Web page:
There is a divisive force in humanity and it is the gospel of Jesus Christ. To some the truth of Christ is the aroma of life - to others they sense it as the stench of death. Paul asks in 2 Corinthians, "Who is sufficient for these things?" I understand his question in an entirely deeper way now. We all have felt the urging of the Spirit to tell someone about Jesus. I felt this as I was finishing my last English class of the term - and only because of His grace, I told them. While speaking, I sensed how much love hurts for the lost. I sensed how in the proclaiming of the gospel there is an unavoidable grief and sadness for those who don't accept. John Piper illustrates it it this way - 

"Imagine walking through a crowded shopping mall. As you walk through some few people - maybe 7 or 8 out of a hundred begin to follow you out of the mall and everyone one else just drops dead. Wouldn't that be overwhelming? Wouldn't that be too much to bear? That is why Paul asks 'Who is sufficient for these things?'"

        I have often wondered if there is some image, some picture or story I could blog about to make you understand how broken and lost our world is. What picture could i drive into your head so that it would haunt your dreams at night so that you literally could not sit still until you found a way to share Jesus with someone who is going to hell. Only the Spirit can move us in such a way.

Are we open to His leading? Are we faithful?

"You are the God who makes all things new.
We gladly raise our voices and move our lips
to acknowledge, celebrate, and proclaim
Your staggering newness.
As we do so, we hold in our hearts
deep awareness of all the places where your newness
is not visible, and
has not come.
Draw us from the wretchedness we know
to his scarred, bloody wretchedness
that is your odd entry of newness into our life. Amen."
~ Walter Brueggemann

 The Kabaka Dance, the dance for the king

 The kids are happy to have bread!

Some of the babies at the home

Sunday, March 13, 2011


Katie and I really enjoyed our holiday on Tuesday - it was "International Womens Day" here in Uganda and her and I were off from teaching. We went to Owino Market - a HUGE place with over 500,000 venders. They sell everything from clothes to rice to fruit to shoes, we bought our veggies for the week and found gooseberries there! We had Katogo for lunch - a Ugandan dish cooked in a banana leaf. At night we celebrated Shrove Tuesday with the Heritage teachers by having a pancake dinner.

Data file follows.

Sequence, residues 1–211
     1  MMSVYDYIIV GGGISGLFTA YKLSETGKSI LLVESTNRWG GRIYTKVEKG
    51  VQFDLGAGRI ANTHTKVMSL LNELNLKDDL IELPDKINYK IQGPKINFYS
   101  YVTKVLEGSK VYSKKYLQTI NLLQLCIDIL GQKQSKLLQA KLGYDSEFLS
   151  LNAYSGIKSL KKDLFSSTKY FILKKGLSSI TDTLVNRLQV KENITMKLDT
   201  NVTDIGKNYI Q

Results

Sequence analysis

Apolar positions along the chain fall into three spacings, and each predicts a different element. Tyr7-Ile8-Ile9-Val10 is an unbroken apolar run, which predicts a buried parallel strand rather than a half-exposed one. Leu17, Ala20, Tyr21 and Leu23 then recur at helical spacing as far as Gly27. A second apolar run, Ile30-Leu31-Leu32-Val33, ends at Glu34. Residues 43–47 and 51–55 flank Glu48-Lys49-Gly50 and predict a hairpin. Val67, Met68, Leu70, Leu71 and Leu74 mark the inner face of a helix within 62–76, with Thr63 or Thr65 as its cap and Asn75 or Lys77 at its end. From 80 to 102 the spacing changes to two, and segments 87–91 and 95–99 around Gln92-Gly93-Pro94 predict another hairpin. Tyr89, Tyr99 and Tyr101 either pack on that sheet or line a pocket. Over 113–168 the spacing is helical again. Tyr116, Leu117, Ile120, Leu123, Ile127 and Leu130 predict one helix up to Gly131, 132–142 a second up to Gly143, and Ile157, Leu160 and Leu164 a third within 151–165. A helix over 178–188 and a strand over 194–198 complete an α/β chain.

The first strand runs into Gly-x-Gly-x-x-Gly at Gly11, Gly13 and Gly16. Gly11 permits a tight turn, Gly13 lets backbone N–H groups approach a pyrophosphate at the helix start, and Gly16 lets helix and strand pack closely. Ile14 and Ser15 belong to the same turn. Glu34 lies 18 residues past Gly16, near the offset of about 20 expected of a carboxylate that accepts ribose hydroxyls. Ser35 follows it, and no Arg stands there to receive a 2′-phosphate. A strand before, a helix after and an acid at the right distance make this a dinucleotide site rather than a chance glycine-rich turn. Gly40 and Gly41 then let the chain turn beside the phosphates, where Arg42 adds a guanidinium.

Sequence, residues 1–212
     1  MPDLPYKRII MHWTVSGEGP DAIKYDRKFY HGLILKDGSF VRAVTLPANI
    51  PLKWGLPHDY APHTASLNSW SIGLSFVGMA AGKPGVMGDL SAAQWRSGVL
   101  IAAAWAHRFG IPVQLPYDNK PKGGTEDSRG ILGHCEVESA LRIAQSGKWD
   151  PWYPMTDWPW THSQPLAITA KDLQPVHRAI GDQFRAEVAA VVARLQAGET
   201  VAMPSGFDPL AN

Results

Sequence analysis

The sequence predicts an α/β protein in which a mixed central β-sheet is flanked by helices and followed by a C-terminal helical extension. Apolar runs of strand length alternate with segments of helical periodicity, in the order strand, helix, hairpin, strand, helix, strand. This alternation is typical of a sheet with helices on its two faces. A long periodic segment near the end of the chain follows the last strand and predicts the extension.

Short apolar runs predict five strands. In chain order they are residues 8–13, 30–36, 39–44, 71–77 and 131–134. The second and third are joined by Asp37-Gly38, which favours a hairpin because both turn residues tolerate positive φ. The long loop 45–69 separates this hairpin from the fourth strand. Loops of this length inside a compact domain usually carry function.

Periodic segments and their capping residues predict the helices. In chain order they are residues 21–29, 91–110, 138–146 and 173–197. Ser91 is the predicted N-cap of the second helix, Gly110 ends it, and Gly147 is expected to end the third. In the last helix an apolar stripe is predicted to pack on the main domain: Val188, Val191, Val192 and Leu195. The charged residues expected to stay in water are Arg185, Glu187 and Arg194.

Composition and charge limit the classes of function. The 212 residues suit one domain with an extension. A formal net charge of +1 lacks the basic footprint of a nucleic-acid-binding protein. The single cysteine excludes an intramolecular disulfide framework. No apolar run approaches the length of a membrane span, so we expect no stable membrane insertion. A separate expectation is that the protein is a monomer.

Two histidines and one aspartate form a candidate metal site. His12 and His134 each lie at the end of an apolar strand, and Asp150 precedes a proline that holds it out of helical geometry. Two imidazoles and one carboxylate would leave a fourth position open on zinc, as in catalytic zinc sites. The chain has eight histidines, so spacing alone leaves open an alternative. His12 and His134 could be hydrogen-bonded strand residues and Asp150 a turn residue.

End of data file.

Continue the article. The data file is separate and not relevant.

I realized again this week what a blessing it is to be married to Katie and to be here together.

I also realized recently that I work all day with people that are going to hell. Each handshake and smile and conversation only served to confirm that reality. The weight of this hit me near the end of the day. Sitting on the grass, laughing with Patrick and preparing to play soccer with the Somali refugees I looked up to see them lined up. Eight image-bearers turned bronze by the fading sunlight. As they spread their shirts on the ground to prepare for evening prayers a loud cry comes across the sky - the call to prayer from the boziga mosque. I watched them kneel and go down for their prayers and couldn't help think of Jesus looking at the crowds feeling compassion for them, for they were like sheep without a shepherd (Matt 9). I wonder what Jesus felt when it says he was "deeply moved" - did he see the crowd in light of redemptive history? 

I cried a lot the other night - the reality of being chosen, marked and set aside while others are not. A deep sense of unworthiness has pervaded me these last few days - and I cannot forget those that do not sense the nearness of His hand - the faithfulness of His love each morning. And so in these Lenten days we pray and wait and are filled with longing for others to know of His Easter presence.

“The mystery of iniquity is at work in the world during this interim time, and it is not always clear how its malignant work is being checked, overridden, or woven into the glorious purposes of God. We need to remember, though, that while Judas betrayed Christ, and woe to him for doing so, it was God’s plan that Christ was thus betrayed. Evil by its very nature opposes the purposes of God, but God, in his sovereignty, can make even this evil serve his purposes.” 
~ David Wells

Wednesday, March 2, 2011

A reality

I am teaching several classes at Center of Hope. I have many refugee women from Sudan in my classes. None of them have finished elementary school. It brought into the reality the statistic that more women in Sudan die from childbirth than finish elementary school.